 develop the employability skills of young people;

 provide young people with the opportunity to ‘learn by doing’ and to learn from experts;

 raise standards of achievement of students;

 increase the commitment to learning, motivation and self-confidence of students;

 encourage young people to stay in education;

 enable young people to develop career awareness and the ability to benefit from impartial and informed information, advice and guidance;

 support young people’s ability to apply knowledge, understanding and skills;

 improve young people’s understanding of the economy,

enterprise, finance and the structure of business organisations, and how they work; and

 encourage positive attitudes to lifelong learning. (DCSF, 2009: 6)

This list reflects the diverse, sometimes competing aims that have gathered around broad ‘vocational’ forms of education over the past thirty years, where the goals of motivating ‘disengaged’ students to stay in education and achieve qualification outcomes take precedence, avoiding any serious consideration in national policy of what might constitute high quality, worthwhile vocational education (Ecclestone, 2010; Pring et al, 2009; Young, 2008).


and achievement. It also taps into a wishful vision of a high skills economy, where individuals may learn their way into prosperity (or as Hayward and James (2004: 3) put it, ‘learn their way out of poverty’), a vision which has been rehearsed regularly in English education policy documents.

The policy vision of work and work futures for young people

Throughout the past decade national policy discourses in England have combined arguments about the globalisation of the economy with the need to increase skills levels in the population. These policy discourses construct a relational distinction between the past and the future. The future of work is presented in terms of a binary, which contrasts jobs that require high skills (the future) with jobs that do not (the past). The UK is positioned as competing with other countries for investment in high skills industries, and the strategy for success depends on the development of high skills in the population.

Education policy for secondary education continually reiterates this message, with the risks to the economy resulting from failure to develop high skills defined as growing ever greater. In 2001 a government education White Paper claimed that: ‘To prosper in the 21st century competitive global economy, Britain must transform the knowledge and skills of its population.’ (DfES, 2001: 5) By 2005, a subsequent White Paper stated:

currents of economic change in other parts of the world can quickly affect this country and technology increasingly means that even service industries serving one country can be sited in another. (DfES, 2005: 17)

Three years later, a further White Paperstressed that:


The policy solution reiterated throughout is to achieve global economic competitiveness through high levels of education and training:

If we are to continue to attract many of the high value-added industries to this country, and to compete effectively on the global stage, then we will need far more of our population to have high levels of education. (DfES, 2005: 17)

The belief expressed in the demand for high skills has not waned in the face of the recession which hit the UK in 2008. Instead, the government’s 2009 Work-Related Learning Guide for schools claims:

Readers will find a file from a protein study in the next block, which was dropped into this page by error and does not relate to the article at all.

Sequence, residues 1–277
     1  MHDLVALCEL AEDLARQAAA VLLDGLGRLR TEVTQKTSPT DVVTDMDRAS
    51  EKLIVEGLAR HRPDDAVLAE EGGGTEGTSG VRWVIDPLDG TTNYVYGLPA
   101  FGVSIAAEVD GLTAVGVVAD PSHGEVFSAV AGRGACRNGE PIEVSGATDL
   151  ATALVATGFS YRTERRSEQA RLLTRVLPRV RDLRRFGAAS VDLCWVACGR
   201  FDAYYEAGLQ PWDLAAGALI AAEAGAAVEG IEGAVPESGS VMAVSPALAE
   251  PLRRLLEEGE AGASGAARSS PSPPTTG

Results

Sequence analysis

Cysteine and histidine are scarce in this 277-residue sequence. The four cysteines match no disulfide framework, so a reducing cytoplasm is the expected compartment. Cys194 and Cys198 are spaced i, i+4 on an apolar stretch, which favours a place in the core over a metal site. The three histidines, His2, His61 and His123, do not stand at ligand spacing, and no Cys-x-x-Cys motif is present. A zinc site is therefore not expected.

In the current economic downturn, it is even more important to ensure that all young people gain the skills, qualifications and experience they need to meet the demands of the future workforce. (DCSF, 2009: 5)

However, the Future of Work research programme, undertaken during the same period as these policy claims were made (Nolan, 2003), suggests that these assertions construct a future imaginary, which even before the

recession in the UK, did not match up to analyses of the changing nature of the labour market offered elsewhere. Nolan uses the example of dot.com businesses to show that while such companies require software engineers and management consultants, they are not the main occupations that result from the dot.com industry:


Researchers for the Future of Work programme conclude that in practice ‘the majority of the workforce do not depend on high skills to perform their

occupational roles’ (Brown et al, 2003: 109).

While the above policy constructions of work focus on skills needs, a further aspect of work futures rehearsed in current education policy documents concerns the uncertainty involved in changing patterns of employment, also presented in terms of a contrast between the old and the new. Firstly, the (former) idea of a job for life is juxtaposed with considerable movement between jobs:

No longer is there an assumption that the sector in which a young person starts work is the one in which they will end their career. For most, movement between jobs is the norm; for many, movement between entirely different sectors of the economy a realistic prospect. (DfES, 2005: 15-16)

Secondly, the developing shape of the labour market at the present time is defined in terms of a contrast between growing and diminishing forms of employment. The future is said to involve more self-employment, and work in small companies, set against decreasing numbers of jobs in large firms or the public sector, once thought of as the ‘good jobs’, offering reasonable pay and security (Roberts, 1993).

The Davies Review (2002), which has been influential in shaping current Work-Related Learning policy, paints the following picture of the UK labour market in the 21st century:


Past responses to labour market uncertainty and lack of employment for young people have been various forms of vocationalism, which have been criticised for doing little more than ‘warehousing’ young people, until job opportunities arise (Ainley, 1999). Despite past experience the changing nature of work is used by policymakers once again to underline the need to strengthen the link between education and the economy, and to establish particular priorities for schools, linked to an economic agenda. The top priority is the achievement of credentials, as a proxy for high skills. The second priority is the need for employability and enterprise ‘skills’, as preparation for a constantly changing and flexible labour market.